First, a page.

It’s safe to say 2020 managed to wreak havoc on every industry, including the music business. Concerts were canceled, tours were indefinitely postponed, and it seemed like the much-anticipated albums of 2021 would be put on hold as well. Fortunately for us, things are looking up, and there’s a lot to look forward to this year from some of our favorite artists.
Billie Eilish’s Second Album
Judging by the reminiscent pop hit “Therefore I Am,” the neon-haired 19-year-old singer is working on solidifying her signature introverted sound, which we first heard in When We Fall Asleep, Where Do We Go? — arguably one of the best debut albums of the decade. In a December interview for Vanity Fair, Billie announced that she and her brother Finneas are ready with the new album where fans will get to hear 16 songs.
The Album of All Albums: Drake’s Certified Lover Boy
An artist like Drake does not do well outside of the spotlight, and after a year of keeping a relatively low profile, he’s finally teasing something fresh and new. The upcoming album bears a title that’s so quintessentially Drake that we can only hope the songs on the record are just as iconic.
Lorde’s Antarctica Inspiration
Exactly two years ago, in February 2019, Lorde took a trip to Antarctica that she says really inspired her to work on new music. Although there hasn’t been a release date or an album title yet, the Melodrama singer hinted she’s already in the recording studio with producer Jack Antonoff, so it’s all a matter of time at this point.
Lana Del Rey’s Postponed Chemtrails Over the Country Club
It’s been a really long time since we’ve had a new album from Lana and Chemtrails promises a bit of everything that makes her trippy style unique — goldfish in plastic bags, Old Hollywood imagery, and, well, werewolves. That’s certainly at the top of the most anticipated albums of 2021.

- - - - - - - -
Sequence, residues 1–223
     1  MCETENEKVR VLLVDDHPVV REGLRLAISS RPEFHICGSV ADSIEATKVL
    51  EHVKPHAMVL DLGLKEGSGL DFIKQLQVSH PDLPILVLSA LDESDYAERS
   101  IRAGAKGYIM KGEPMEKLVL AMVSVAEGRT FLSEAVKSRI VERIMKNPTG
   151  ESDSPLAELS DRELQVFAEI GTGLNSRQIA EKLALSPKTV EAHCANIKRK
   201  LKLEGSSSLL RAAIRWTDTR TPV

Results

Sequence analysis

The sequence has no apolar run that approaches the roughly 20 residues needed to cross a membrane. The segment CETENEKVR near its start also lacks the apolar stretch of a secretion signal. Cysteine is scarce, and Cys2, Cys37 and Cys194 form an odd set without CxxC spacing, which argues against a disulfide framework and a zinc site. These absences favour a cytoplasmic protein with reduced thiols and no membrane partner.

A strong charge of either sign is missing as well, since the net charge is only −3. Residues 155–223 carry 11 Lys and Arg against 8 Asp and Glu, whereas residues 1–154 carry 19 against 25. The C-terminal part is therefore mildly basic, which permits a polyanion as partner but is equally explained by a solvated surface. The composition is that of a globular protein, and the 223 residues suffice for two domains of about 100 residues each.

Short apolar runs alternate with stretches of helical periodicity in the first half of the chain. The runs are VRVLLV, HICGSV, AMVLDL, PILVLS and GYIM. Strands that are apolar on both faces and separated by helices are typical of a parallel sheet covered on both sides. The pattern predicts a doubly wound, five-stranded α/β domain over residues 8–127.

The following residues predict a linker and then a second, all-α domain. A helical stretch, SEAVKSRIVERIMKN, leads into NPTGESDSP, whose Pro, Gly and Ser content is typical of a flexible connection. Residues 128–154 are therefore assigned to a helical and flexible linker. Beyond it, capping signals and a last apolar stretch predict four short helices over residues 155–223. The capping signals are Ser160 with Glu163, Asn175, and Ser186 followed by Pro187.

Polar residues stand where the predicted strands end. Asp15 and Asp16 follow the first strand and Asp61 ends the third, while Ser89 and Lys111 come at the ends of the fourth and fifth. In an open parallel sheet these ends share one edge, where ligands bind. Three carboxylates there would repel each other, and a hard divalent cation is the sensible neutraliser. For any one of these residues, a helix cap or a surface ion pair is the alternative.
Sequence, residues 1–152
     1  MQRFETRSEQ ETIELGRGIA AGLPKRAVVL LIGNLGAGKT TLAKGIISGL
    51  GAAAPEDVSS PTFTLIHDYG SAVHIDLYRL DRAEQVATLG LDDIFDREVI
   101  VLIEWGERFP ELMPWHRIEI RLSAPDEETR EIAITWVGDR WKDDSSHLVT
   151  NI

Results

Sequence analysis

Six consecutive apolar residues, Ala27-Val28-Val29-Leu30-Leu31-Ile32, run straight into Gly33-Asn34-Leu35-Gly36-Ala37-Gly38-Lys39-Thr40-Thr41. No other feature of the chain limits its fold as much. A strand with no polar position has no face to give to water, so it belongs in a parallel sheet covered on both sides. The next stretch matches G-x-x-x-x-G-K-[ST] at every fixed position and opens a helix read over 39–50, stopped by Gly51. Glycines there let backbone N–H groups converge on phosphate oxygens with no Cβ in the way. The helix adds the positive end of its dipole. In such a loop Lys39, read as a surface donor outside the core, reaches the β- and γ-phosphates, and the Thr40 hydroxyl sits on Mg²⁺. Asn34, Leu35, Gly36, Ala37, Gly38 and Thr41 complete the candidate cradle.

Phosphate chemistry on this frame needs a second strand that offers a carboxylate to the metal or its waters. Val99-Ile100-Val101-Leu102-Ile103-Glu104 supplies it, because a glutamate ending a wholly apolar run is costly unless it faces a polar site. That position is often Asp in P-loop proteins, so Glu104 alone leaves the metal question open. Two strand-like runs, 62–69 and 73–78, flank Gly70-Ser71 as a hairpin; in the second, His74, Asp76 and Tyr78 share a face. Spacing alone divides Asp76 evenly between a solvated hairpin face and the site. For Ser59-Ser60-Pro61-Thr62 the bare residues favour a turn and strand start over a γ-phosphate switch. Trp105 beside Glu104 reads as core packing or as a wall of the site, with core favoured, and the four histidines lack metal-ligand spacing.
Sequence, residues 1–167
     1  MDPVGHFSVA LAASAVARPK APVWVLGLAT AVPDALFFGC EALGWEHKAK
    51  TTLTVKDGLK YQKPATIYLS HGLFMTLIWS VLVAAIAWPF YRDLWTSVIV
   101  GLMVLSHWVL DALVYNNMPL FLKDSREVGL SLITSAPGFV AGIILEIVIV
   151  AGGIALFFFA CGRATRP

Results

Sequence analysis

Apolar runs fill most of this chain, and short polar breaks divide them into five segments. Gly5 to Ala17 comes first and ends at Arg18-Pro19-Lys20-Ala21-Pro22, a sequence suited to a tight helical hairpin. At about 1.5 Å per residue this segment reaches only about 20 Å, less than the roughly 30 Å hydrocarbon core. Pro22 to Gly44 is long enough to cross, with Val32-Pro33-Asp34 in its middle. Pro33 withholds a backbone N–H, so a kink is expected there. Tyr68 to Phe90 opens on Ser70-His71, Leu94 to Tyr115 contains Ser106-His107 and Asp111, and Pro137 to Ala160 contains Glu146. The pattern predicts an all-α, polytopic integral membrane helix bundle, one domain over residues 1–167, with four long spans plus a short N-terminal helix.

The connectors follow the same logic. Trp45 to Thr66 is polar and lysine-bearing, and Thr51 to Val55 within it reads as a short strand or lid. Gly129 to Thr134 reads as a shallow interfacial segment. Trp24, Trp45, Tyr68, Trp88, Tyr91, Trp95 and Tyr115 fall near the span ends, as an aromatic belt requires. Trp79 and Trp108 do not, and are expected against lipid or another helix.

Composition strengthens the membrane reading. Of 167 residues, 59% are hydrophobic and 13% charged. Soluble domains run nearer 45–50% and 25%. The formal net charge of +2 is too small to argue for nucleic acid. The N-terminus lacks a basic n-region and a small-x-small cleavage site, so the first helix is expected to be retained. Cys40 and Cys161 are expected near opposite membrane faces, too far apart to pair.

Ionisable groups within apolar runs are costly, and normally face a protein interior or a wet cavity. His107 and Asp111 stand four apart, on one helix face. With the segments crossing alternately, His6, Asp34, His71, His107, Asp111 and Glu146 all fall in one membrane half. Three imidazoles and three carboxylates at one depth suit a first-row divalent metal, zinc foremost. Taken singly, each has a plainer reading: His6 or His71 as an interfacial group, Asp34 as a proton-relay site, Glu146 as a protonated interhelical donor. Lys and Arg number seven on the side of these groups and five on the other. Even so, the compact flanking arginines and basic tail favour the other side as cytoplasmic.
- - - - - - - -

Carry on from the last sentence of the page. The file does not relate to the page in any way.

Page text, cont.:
Juice Jacking and How Hackers Use Public USB Ports to Steal Data
People probably don’t put much thought into cybersecurity when they travel. They might not think twice about plugging their phones into a charging station at the train station or airport, but they totally should. Public USB ports might be hiding malware that can easily infect every device and steal personal data.
A tweet from the Los Angeles County District Attorney’s office warned those who travel to not use the public USB chargers. This sparked interest in so-called “juice jacking,” where hackers would plant malware into the charging ports. Here are some of the dangers to watch out for the next time you decide to take a trip.
What Is Juice Jacking?
It happens when a hacker tampers with a USB charging port or the cable that’s attached to it. He or she installs malware on the device that gets plugged into it. This is reported by Paige Hanson, who is chief of identity education at NortonLifeLock.
She shares with a famous journal via mail that once a device is plugged in, it becomes infected. Then, the virus itself sends a full backup of the device directly to the attacker. The malware can be programmed to install fake applications on the phone that mimic well-known ones. This is another way of nabbing your personal information and spying on your phone.
How to Protect Phone Data
It can be almost impossible to tell whether or not a USB has been tampered with. Hanson says that it’s best not to take any chances on public USB charging ports. Specialists agree that charging at your office or home using your own portable charger or a regular outlet with your own charging cable is the best way to avoid any malware from corrupting the data on your phone.
While a hacked USB sounds dangerous, it’s far from the only cybersecurity threat you might face while taking a trip. Many experts share that juice jacking is actually pretty rare. In fact, nearly all of them agreed that public WiFi networks are a much greater danger while traveling. This is because hackers can set up fake WiFi hotspots in public places and harvest data. The next time you decide to take a trip, bring a fully charged portable battery or use your own charging cable that’s plugged directly on an electrical outlet instead.